Based on a novel by Lou Ellen Davis called There Was an Old Woman, the plot of Revenge! involves a pair of pub owners (Joan Collins and James Booth) who capture the man they think seduced and murdered their daughter by imprisoning him in a cage in their basement. This British film was finally released in the United States in 1976 as Inn of the Frightened People; when released on video in the US, its title was changed to Terror From Under the House.
In this early outing by legendary horror auteur Wes Craven, a pair of teenage girls who are on their way to a rock concert to celebrate one of their birthdays try to buy some marijuana in the city, only to be kidnapped, raped, and murdered by a gang of psychotic thugs. But as the thugs’ bad luck would have it, they stop at a nearby house after committing the murders. An older couple takes them in and soon realizes that the gang must have killed their daughter—and they set out for their own bloody revenge. The review blog That Moment In writes, “Although sitting through the scenes in The Last House on the Left is nothing to be enjoyed, the audience is at least rewarded for putting themselves through such an ordeal in seeing villains of the story subject to violence nearly on the same level of as committed against the two girls.”
Based on the novel by Forrest Carter called The Rebel Outlaw: Josey Wales, Clint Eastwood directs and stars in the title role as a Missouri farmer in the Civil War era whose family is murdered by renegade Union soldiers. To get his revenge, he joins a guerrilla Confederate unit and refuses to surrender even after the Civil War ends, but he winds up on the run from both Union soldiers and bounty hunters.
Major Charles Rane (William Devane) returns home from the Vietnam War and his showered with gifts from his local townsfolk who consider him a hero. But some local thugs have their eyes set on some silver dollars he was given as a gift, and they stage a brutal home-invasion robbery in which they kill all of his family members. Rane and his war buddy Johnny plot his revenge by staging a showdown with the local thugs.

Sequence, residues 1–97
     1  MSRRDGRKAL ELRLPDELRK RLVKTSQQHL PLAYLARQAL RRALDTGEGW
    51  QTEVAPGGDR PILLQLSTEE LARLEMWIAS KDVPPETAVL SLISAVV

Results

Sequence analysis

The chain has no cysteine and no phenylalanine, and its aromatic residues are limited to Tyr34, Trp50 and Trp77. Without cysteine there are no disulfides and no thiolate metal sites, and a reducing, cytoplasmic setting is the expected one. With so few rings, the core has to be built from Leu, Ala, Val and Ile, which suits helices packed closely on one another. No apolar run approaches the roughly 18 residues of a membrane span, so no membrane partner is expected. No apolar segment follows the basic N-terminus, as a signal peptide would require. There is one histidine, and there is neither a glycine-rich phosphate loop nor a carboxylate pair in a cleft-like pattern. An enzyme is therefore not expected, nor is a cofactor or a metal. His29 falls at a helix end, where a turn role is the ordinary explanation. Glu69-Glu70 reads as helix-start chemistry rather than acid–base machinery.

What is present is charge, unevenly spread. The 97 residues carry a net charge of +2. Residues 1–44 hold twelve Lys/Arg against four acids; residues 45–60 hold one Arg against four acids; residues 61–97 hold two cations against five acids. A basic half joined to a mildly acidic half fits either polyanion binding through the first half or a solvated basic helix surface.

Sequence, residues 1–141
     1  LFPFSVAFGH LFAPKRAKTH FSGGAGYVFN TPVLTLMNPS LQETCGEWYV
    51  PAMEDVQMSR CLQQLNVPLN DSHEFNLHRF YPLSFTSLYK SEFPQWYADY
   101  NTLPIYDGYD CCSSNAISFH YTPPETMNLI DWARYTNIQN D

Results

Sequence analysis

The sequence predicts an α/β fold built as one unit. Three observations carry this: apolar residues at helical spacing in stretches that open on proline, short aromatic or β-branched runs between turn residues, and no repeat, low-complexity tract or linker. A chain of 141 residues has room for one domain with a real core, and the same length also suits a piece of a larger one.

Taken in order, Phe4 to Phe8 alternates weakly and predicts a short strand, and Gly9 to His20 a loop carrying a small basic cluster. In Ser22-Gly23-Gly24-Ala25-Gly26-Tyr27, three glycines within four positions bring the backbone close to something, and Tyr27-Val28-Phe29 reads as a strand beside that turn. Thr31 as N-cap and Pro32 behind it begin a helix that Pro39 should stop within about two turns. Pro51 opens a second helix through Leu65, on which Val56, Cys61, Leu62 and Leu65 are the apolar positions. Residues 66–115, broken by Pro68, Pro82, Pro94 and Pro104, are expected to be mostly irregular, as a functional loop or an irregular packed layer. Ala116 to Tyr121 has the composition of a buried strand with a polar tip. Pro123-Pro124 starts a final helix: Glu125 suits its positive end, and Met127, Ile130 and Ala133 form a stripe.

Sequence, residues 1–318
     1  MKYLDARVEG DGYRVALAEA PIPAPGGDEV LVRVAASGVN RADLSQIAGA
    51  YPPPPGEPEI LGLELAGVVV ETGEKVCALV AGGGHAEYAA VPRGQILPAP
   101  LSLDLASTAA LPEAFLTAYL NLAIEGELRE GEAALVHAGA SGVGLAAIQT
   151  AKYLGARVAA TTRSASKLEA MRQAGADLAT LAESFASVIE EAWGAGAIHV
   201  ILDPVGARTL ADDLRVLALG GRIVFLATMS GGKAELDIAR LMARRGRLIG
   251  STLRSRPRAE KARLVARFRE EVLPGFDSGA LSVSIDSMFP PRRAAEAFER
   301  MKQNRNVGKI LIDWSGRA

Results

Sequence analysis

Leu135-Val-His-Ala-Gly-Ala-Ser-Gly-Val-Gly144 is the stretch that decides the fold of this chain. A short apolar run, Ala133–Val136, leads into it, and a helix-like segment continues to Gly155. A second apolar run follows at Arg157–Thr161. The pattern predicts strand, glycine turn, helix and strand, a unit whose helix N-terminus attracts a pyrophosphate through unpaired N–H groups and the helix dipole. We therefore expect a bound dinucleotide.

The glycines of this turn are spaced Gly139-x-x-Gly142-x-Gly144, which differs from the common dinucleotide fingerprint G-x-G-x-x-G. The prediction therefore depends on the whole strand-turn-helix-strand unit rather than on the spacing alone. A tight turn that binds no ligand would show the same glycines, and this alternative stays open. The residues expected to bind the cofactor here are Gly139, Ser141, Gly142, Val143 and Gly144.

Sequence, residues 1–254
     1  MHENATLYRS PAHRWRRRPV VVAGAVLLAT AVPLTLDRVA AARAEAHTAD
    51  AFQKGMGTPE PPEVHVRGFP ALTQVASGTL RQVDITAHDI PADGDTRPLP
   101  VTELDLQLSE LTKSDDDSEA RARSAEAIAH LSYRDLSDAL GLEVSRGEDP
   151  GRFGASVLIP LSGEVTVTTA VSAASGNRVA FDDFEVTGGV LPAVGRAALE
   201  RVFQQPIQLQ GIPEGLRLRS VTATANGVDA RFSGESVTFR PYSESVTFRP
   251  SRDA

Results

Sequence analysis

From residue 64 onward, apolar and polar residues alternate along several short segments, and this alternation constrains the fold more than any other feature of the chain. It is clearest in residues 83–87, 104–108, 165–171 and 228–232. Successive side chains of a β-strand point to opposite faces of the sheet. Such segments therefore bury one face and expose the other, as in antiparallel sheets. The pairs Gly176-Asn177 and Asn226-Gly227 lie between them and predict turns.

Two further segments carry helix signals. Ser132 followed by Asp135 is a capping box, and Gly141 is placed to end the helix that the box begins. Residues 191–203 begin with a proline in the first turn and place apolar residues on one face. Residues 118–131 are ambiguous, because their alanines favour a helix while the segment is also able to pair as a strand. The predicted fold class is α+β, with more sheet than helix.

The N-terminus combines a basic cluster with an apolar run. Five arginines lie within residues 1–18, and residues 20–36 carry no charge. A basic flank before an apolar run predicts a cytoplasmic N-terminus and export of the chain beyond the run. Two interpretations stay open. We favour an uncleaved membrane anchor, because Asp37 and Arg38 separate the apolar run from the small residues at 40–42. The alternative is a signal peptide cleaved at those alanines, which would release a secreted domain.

A Manhattan-based short-story writer named Jennifer Hills (Camille Keaton) decides to rent a Connecticut cottage to finish her first novel. Shortly after arriving, she is brutally raped by locals, who also tear up her manuscript. One by one, she gets revenge against her rapists. She castrates one man. She kills another with an axe to his back. She disembowels another with a boat propeller. And then she gets back to working on her novel.
Clint Eastwood returns to direct and start in another Western, this one about a mysterious man of God living high in the Sawtooth Mountains of Idaho who makes it his mission to protect the humble and hardworking villagers in a gold-prospecting town against a greedy mining company and their hired hands who persistently harass the locals into giving up their claims to the land. It is thought that the film’s title is derived from this quote in the biblical Book of Revelation: “And I looked, and behold a pale horse: and his name that sat on him was Death, and Hell followed with him.”
Gary Busey stars as a Vietnam vet who returns home, only to find his hometown completely controlled by a sadistic, psychotic, and crack-dealing motorcycle gang. According to The Betamax Rundown, “Apparently the crack dealers are really mad at Busey for interrupting their rape of that nurse. So much so they are willing to kill his wife, all his friends and more, all in order to get their vengeance.” This leads to more vengeance from Busey, who winds up sodomizing one of the bikers (boxer Randall “Tex” Cobb) with a lit stick of dynamite. Yes, the movie is that ridiculous.
Candyman is both a revenge story about the titular character, and about his victim Helen. The “Candyman” from the urban legend was once a real man, the son of a freed slave who fell in love with a wealthy white woman. When she became pregnant, her father and a mob of white people tortured and killed her lover and his ghost haunts the site of his lynching: the present day Cabrini-Green Housing Project. After the Candyman “takes” Helen, she too enacts revenge against her unfaithful husband.